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Free Will In East Of Eden By John Steinbeck

1398 words - 6 pages

Timshel; meaning “thou mayest”, holds a significant role in East of Eden. It shows that anyone can desire to surmount vile in their hearts and create morality within them self. In the novel, Steinbeck portrays the significance of timshel through the introduction of free will, the internal conflict of Caleb, and the blessing of Adam.
Steinbeck portrays the significance of timshel through the introduction of free will, which plays an important role in the theme of Cain and Abel and provides the interpretation of Steinbeck. Timshel is brought in by Lee who is the servant of the Trask family and discussed by both Samuel Hamilton, and Adam Trask. In chapter 24 Lee discusses the idea of timshel by showing the different interpretations of it through various translations, in the Hebrew translation it says “thou mayest rule over sin” which gives man a choice to fight through their sin and overcome it (302). Thus, “the translation of timshel into “thou mayest” enables the release of the energy in every human being “(Schultz). Timshel helps us not only understand the choices of human beings, but it shows that “Steinbeck constructs his fiction around the theory that timshel should be translated to thou mayest…he tells us about his own philosophy from the use of the Bible” (Warren). Steinbeck uses timshel as a way to let out his own philosophy about humans from using the Bible. This introduction of timshel through Lee becomes a very important part of the story as well as a theme; by this Steinbeck conveys his ideas and thoughts on a man’s destiny. Timshel then becomes a big part of the story which alters the plot of the Cain and Abel story by offering free will. Steinbeck interprets timshel as one of the most important things in the story and it is not only used in the plot, but also used in the everyday life of humans. Steinbeck interprets timshel as one of the most important things in the story, he says “this little story turns out to be the most profound in the world” (Steinbeck). Not only that but, “the freeing of human possibilities is one of Steinbeck’s objectives in having the story grounded in the framework of the Cain-Abel story” (Schultz). This shows that timshel is what alters the plot and makes the second generation of the Trask family different from the first; by offering a choice. The introduction of timshel greatly affects the plot and provides views of Steinbeck which makes timshel a significant part of the story. Timshel is manly used in the internal conflict of Caleb Trask which makes the plot twist and the book more interesting.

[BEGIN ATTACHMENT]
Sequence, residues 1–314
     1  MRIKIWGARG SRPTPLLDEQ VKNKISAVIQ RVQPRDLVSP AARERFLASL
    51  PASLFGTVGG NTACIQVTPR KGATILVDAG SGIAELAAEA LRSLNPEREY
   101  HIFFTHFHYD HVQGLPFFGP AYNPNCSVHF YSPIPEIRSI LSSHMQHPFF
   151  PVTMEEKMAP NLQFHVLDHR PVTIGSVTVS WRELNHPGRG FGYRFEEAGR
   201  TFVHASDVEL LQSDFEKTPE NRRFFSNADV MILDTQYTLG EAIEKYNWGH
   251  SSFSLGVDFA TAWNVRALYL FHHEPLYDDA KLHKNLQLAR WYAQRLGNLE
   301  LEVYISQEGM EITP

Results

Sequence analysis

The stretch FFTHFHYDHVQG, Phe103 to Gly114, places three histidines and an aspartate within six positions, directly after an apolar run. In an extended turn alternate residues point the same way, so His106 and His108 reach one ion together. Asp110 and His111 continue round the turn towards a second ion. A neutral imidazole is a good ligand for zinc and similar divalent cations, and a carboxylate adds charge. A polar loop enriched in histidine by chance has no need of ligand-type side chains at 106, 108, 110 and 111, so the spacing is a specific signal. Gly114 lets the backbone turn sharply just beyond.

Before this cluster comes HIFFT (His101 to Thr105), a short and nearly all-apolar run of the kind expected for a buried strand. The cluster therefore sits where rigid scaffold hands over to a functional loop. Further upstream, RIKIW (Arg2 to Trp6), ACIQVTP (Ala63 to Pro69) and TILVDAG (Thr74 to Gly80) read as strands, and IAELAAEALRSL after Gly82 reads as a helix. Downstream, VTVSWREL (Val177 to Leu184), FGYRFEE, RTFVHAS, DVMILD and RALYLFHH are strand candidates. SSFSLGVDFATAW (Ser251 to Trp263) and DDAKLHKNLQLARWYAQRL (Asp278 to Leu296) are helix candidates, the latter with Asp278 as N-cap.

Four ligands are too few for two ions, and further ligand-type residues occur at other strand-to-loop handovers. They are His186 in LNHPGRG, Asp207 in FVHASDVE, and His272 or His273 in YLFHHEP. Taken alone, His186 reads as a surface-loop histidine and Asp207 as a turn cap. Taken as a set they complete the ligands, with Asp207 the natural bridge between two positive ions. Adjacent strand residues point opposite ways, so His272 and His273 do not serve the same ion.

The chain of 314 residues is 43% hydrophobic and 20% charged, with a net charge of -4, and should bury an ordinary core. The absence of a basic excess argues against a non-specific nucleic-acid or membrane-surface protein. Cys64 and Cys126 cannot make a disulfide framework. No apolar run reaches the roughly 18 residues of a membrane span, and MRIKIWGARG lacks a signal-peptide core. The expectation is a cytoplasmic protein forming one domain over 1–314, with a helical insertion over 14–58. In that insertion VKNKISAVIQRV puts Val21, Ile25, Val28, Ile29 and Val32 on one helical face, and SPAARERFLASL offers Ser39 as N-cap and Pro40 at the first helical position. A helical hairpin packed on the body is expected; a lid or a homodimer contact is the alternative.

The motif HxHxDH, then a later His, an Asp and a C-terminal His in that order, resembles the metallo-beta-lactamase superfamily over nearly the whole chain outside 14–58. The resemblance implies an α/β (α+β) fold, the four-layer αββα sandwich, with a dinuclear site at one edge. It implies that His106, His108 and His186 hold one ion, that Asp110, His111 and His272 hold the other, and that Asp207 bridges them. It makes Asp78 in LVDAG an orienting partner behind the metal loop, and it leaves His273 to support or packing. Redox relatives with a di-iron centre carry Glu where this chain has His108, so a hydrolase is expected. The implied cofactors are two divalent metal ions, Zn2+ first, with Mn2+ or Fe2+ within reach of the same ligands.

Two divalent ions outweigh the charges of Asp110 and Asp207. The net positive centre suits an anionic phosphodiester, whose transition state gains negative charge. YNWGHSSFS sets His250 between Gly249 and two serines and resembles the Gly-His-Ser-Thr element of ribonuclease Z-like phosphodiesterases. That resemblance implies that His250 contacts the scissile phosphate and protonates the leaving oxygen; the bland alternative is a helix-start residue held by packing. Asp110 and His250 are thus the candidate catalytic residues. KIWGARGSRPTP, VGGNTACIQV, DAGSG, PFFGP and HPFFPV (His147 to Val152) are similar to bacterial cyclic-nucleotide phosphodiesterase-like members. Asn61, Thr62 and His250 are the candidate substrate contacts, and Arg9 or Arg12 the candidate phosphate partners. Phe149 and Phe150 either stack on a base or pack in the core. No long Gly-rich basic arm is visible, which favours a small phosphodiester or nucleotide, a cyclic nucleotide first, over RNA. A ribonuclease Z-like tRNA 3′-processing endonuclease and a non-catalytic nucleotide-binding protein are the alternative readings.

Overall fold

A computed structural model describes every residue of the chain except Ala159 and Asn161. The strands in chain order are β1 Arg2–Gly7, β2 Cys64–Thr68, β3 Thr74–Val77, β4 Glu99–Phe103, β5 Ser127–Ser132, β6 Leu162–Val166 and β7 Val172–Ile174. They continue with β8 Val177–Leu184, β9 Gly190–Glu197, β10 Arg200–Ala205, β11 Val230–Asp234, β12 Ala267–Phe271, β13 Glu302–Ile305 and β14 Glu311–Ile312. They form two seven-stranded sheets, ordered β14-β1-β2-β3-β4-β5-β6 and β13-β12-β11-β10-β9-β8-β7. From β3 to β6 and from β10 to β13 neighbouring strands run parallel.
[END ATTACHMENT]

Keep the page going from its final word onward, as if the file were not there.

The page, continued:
Steinbeck portrays the significance of timshel through the internal conflict of Caleb Trask. Caleb is confronted with his evil mother who makes him believe that he is also evil, but then realizes that he has a choice and doesn’t have to be evil through timshel. In chapter 24 Cal is described as “sharp, dark, and watchful” while his brother Aron I is “a boy you like before he speaks and like more...

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